Assessing the Suicide Risk in Adult Patients
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The article starts by saying that suicide and suicidal patients are a pervasive part of the mental health practice. According to a survey, a typical psychologist sees up to five patients for whom suicide is a problem. 36% of the professionals surveyed indicated they had lost a patient during their practice. In the same way, 97% of the practitioners, have treated at least a patient sporting suicidal tendencies. This indicates that most professionals offer suboptimal care in the issues related to suicide. In the same way, most of them lacked a formal assessment of suicide risk among their patients. Also, for most psychology or medical trainees, asking questions about suicide to their patients is a delicate issue, and most of them do not do it. We can say that this happens because there is not an authority that defines the standard of care for suicide risk assessment. Although the APA has a series of guidelines that could constitute an assessment, they do not constitute a standard.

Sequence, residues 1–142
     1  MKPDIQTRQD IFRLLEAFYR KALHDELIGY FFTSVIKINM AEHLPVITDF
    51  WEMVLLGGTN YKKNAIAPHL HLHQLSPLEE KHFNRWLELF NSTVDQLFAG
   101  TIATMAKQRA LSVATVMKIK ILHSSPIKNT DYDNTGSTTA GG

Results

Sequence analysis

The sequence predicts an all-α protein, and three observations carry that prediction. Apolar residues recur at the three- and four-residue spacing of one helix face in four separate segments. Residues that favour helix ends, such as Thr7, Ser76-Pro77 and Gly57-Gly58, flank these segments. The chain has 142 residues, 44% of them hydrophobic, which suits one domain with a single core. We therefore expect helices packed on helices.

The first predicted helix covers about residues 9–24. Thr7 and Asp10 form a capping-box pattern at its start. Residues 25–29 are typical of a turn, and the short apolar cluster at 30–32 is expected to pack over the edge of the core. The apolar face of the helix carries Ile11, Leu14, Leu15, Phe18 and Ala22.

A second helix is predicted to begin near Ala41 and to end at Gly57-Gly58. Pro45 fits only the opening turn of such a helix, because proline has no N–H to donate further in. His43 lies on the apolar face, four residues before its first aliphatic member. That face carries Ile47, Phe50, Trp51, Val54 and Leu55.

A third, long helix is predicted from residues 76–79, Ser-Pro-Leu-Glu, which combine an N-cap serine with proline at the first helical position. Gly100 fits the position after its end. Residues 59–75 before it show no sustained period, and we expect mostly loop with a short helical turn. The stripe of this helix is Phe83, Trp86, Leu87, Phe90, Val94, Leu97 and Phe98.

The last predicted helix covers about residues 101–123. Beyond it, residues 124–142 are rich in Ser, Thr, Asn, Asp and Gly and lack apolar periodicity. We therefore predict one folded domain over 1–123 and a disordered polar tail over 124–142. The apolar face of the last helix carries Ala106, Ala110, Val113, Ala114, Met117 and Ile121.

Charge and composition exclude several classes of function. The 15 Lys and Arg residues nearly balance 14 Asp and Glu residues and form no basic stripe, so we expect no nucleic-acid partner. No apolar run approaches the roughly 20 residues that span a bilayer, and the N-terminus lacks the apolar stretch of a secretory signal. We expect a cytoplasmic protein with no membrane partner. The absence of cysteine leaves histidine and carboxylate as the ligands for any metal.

Among the factors that contribute to the rates of suicide are Access to firearms; medical illnesses; prior suicide attempts; suicidal communications; social isolation; Biological-Gene tic-Dispositional, and Lack of Protective Factors. In the same way, there are methods to determine those risks such as psychological testing. For instance, the use of the MMPI-2, or the DSM-5 to deter…
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